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A Tiny Glimmer of Hope

Not everything is dark and evil today!

By Friendly Bear  |  December 19, 2022

by Friendly Bear

Americans have suffered more than two and half years of bad news. We've been subjected to a virus that conveniently popped onto the scene to shut down the economy and usher in a mail-in, "voting month" to replace a solitary voting day. Throw in ballot harvesting and voter rolls that include more dead people than a zombie movie film festival and you get two highly disputed elections.

Just when the COVID lockdowns looked boring, the summer of 2020 brought enough riots that brick tossing nearly became an Olympic sport. Rowdy rioters practiced their craft until politicians, cowering behind their heavily-armed bodyguards, promised not to enforce pretty much any law.

Salesmen, be they men or women, have to steel themselves with confidence and optimism to survive a dozen rejections before they succeed. Salesmen that I know have experienced enough setbacks since early 2020 to clearly dampen their famous optimism.

I'm not cut out for sales, but I admire those who are. I admire how these men and women are able present exactly the same knowledge and professionalism, day-in and day-out, no matter how bad was the day before.

Unlike those among us who can hide any trace of how bad news affects them, I am more easily read. For reasons that are beyond me, every morning I wake up happy. Bad news, such as American politics over the past few years, simply increases the edginess in my writings.

The edginess is not a phenomenon exclusive to me. As liberals and conservatives have become increasingly divided, the edginess in their writings has noticeably increased.

Five years ago, a friend named Gary observed that the same news story as told by CNN was practically unrecognizable when presented by FoxNews. This is even more apparent when comparing reader comments posted to news stories. So great is the divide among Americans that some people speak openly about their fears of civil war.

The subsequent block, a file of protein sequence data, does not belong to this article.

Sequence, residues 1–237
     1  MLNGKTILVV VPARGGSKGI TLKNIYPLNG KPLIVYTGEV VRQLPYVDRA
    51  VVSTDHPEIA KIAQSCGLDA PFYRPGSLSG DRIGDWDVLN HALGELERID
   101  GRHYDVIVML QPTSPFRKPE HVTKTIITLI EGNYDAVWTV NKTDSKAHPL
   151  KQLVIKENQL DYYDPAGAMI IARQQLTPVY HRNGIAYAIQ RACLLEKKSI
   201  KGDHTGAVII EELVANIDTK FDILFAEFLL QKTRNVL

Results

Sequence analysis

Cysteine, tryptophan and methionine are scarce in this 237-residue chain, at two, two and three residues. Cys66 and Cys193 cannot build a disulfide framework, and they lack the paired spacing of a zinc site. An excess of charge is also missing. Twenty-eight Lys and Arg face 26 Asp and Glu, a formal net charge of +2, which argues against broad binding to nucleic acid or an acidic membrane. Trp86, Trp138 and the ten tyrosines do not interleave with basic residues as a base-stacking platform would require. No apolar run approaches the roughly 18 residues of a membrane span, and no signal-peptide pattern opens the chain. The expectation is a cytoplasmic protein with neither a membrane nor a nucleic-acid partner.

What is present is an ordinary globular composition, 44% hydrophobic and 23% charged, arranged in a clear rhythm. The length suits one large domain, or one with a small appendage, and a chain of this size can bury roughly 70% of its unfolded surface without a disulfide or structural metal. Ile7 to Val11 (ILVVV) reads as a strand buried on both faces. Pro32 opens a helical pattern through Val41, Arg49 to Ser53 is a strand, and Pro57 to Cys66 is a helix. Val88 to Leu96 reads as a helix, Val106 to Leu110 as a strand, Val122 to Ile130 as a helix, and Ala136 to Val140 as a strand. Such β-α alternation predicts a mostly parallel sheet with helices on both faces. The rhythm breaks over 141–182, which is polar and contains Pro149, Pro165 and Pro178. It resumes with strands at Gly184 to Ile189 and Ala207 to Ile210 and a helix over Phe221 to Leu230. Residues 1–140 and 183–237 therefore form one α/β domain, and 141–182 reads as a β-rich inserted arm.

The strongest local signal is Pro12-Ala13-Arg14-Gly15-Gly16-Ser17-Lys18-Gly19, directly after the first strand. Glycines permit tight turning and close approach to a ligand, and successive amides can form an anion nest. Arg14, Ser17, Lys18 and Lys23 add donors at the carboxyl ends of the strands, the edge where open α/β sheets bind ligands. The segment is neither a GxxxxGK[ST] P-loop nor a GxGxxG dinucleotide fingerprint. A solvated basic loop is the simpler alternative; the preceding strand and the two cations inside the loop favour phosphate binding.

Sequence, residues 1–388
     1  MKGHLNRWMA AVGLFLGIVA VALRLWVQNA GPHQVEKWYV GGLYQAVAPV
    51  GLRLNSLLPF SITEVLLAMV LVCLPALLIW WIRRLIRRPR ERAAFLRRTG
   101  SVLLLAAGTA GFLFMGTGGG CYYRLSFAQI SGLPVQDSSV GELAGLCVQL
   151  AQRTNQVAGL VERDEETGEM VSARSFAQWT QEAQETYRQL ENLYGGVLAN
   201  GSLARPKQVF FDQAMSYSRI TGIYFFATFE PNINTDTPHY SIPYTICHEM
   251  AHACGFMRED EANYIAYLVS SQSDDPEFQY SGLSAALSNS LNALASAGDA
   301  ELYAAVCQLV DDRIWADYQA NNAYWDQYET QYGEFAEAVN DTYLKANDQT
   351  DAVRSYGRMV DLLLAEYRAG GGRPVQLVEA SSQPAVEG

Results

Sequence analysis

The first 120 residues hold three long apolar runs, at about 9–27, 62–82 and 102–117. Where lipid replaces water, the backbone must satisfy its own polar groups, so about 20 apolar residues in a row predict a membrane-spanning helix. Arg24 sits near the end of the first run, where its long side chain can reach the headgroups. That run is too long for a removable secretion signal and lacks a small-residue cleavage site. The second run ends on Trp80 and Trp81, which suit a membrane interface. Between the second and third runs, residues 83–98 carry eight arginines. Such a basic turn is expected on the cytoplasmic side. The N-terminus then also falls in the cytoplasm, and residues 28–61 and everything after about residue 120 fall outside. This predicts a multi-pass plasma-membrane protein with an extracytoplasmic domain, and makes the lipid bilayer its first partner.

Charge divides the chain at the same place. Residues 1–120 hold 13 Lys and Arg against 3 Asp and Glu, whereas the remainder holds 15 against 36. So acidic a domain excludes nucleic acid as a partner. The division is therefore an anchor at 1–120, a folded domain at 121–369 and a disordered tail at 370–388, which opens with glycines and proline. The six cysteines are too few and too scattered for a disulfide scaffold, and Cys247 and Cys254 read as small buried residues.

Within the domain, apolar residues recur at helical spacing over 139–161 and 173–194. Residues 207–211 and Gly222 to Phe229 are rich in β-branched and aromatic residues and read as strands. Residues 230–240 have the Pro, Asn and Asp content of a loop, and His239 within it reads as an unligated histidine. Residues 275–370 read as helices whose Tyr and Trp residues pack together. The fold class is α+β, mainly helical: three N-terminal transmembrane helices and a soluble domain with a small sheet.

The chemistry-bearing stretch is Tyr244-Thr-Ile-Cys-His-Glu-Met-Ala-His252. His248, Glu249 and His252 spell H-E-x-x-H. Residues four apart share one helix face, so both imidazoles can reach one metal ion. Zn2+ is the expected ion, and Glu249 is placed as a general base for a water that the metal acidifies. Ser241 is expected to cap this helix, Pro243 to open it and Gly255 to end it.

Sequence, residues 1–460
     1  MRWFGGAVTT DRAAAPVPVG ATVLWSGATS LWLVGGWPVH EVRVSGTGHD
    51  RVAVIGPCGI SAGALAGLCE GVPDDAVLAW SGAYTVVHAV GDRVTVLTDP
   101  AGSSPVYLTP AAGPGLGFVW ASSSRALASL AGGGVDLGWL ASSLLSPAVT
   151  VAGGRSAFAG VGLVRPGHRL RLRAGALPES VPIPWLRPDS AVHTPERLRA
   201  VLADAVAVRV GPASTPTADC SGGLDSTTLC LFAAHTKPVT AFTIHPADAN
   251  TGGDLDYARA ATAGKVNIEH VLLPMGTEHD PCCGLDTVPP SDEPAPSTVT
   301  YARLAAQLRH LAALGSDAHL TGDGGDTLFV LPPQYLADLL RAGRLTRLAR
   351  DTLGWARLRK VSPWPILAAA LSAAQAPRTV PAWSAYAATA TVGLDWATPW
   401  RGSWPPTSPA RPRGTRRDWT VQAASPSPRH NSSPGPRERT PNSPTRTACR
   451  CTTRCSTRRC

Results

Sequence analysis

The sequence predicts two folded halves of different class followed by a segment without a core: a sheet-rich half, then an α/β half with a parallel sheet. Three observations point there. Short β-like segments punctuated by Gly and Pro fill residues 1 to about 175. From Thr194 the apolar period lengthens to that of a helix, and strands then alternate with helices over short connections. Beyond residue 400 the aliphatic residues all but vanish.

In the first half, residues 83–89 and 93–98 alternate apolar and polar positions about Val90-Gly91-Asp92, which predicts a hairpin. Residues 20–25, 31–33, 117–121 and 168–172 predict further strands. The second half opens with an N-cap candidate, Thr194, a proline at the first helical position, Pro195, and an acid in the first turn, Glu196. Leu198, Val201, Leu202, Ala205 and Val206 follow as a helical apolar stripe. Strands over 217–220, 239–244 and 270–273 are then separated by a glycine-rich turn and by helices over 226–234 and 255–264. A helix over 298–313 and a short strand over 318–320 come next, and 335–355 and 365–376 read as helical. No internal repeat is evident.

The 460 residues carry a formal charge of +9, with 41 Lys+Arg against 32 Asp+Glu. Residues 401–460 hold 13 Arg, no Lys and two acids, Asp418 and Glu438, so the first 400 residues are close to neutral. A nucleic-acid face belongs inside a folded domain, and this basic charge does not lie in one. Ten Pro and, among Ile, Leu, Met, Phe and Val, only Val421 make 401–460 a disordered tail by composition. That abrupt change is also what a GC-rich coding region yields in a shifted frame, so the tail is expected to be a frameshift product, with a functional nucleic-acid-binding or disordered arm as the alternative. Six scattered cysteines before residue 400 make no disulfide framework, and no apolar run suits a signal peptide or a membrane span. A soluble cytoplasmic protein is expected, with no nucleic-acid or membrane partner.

Tonight, I returned home from a long distance work trip. I also have great respect for people possessing the ability to constantly fly commercial.

You have to get to the airport way ahead of time, clear security, share space with some nice people and a few people whose photos should be in dictionaries next to the word obnoxious, do track and field across two concourses to catch a connecting flight that's closing its door, and de-planing resembles a large barroom brawl.

It was in the final moments of tonight's creepy cauldron of travel that something wonderful emerged in response to a sad event.

The plane was behind schedule and most of the passengers had the fear of missing connecting flights agitating them. It was getting late and they still had far to travel. As we were descending to land, a flight attendant spoke over the plane's intercom to thank us for choosing to endure traveling on that airline.

It was apparent that the flight attendant had lost their previously ebullient voice. The flight attendant began to more slowly and deliberately inform us of an issue that had just arisen. The flight attendant explained to us that one of the passengers was a woman whose son had been in a serious car crash while driving to the airport to pick her up. The jabbering passengers on the big jet fell silent as the flight attendant asked if everyone would remain in their seats to allow the woman to leave first and be driven quickly to the hospital to see her son, possibly for the last time.

As we continued another twenty-five minutes until landing and taxiing to the terminal, the passengers continued to talk as before. Then, as the plane reached the terminal, the passengers, without cue, simultaneously fell silent and remained still in their seats.

Composed, the woman, who had been seated near the rear of the plane, hurried forward to the front of the plane. Her barely coordinated gait conveyed urgency. But, as she arrived at the front of the cabin, the woman suddenly broke down sobbing. Two of the flight attendants lunged forward to catch the distraught mother as she began falling. I could hear the third flight attendant using an airline radio softly, yet rapidly coordinating assistance for the mother. The other passengers continued their self-imposed silence.

After the mother facing tragedy had left the plane, the passengers shoved their small plastic booze bottles in their pockets, leaped from their seats and began dangerously jerking suitcases from overhead bins in a resumption of their barroom brawl behavior.

It was uplifting that a large jet, filled with tired, grumpy passengers, liberals and conservatives, of different races, different ethnicities, and certainly different religions, spontaneously accepted an inconvenience to help a stranger. Maybe there is hope for us yet.